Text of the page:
Kornman said the restaurant also is selling prime meats to cook at home. It is offering a 30% discount on any takeout wine.

Waco Tours relaunch

Waco Tours last week resumed its river cruise on Lake Brazos and on Monday will relaunch its classic tour downtown that includes stops near Magnolia Market at the Silos, Sixth Street and Webster Avenue. It is welcoming locals to sample the service with a buy-one, get-one-free deal, according to a press release.

“We have sought wisdom, and we are prepared with very specific and thought-through safety procedures as we open up our tours,” co-owner Luke Whyte said in the press release. “We will be limiting our guest capacity on our tours as the safety of our guests and staff is our highest priority.”

To promote its resumption of service, Waco Tours is sponsoring a social media campaign to recognize “Hometown Heroes” during the COVID-19 pandemic.

Nominations can be made through Wednesday on the Waco Tours Instagram account, and the winner chosen by Waco Tours staffers will be announced Friday. The grand prize is a private river cruise catered by Cheddar Box and Andy’s Lemonade valued at $1,500, according to the press release.

Raising Cane’s hires

Raising Cane’s Chicken Fingers, the chain with three locations in Waco, announced it has stared hiring 5,000 new employees at its 500 locations. It also has distributed $2 million to staffers “to show its appreciation for their extraordinary work and sacrifice during the pandemic.”

The $2 million payout is meant to make up for hours crewmembers agreed to forgo early on as the virus gathered steam, according to the press release. Raising Cane’s will open three new restaurants in Texas this month.

Gas prices

Stop the presses. Gasoline prices are rising.

Falling demand and other geopolitical dynamics had caused oil and gasoline prices to tank. But numbers at the pump rose 4 cents per gallon for regular unleaded statewide last week, marking the first increase in more than two months, according to a AAA Texas report Thursday.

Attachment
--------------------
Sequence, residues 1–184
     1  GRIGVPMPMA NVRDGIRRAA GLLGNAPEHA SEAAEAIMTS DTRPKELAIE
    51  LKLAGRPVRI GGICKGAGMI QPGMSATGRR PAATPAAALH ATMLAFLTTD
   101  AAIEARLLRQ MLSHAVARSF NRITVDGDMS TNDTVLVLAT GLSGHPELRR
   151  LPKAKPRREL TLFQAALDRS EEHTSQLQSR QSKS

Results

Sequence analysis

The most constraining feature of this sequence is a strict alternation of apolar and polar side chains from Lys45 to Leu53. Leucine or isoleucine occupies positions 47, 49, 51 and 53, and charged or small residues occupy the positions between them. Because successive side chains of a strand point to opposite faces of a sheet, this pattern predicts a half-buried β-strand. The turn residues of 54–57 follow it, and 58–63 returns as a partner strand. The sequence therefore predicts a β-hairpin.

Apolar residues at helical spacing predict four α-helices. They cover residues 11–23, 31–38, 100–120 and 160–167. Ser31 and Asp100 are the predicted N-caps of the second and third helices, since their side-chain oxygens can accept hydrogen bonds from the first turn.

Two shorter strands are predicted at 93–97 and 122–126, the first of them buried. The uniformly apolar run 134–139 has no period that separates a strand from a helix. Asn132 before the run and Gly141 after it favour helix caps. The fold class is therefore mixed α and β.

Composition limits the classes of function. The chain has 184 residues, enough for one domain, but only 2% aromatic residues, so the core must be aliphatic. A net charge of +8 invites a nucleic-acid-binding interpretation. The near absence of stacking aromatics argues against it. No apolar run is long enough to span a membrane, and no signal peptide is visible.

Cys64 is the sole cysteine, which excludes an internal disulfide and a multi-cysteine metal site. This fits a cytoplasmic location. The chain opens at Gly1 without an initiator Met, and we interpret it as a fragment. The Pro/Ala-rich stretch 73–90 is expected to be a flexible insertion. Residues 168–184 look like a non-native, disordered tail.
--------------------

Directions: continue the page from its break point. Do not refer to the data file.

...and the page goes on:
The statewide average settled at $1.54, according to AAA. That remains $1.03 less than the statewide norm in early May last year.

Of the major metropolitan areas surveyed, drivers in Midland were paying the most on average at $1.73, while drivers in McAllen were paying the least at $1.40 per gallon. Waco found itself in middle ground at $1.55.

Retail nosedive

A shudder went through the browse-and-buy industry Friday, when the Commerce Department reported retail sales plummeted 16.4% from March to April. The monthly decline nearly doubled the previous record drop of 8.3%, occurring just a month earlier, according to an Associated Press report.

Declines spread across all sectors: automobiles, 13%; furniture stores, 59%; electronics and appliance stores, more than 60%; clothing stores, 79%; department stores, 29%; and restaurants, 30%, despite efforts to soften the blow to the bottom line by pushing takeout and delivery.

Holding their own were retailers of building materials, which saw a meager decline of about 3%, which is not surprising if weekend crowds at Lowe’s on New Road and Home Depot on Waco Drive reflect national trends.

Struggling iconic retailer J.C. Penney filed for Chapter 11 bankruptcy protection Friday and hinted at permanent store closings.

Locally, Pat Farrar, who tracks retail trends locally as a commercial real estate agent, said he is noticing a subtle shift from despair to optimism.

He continues to work with a prospect interested in taking 50,000 square feet of commercial space locally, though he held off on revealing specifics.

Photo gallery: Virus outbreak and more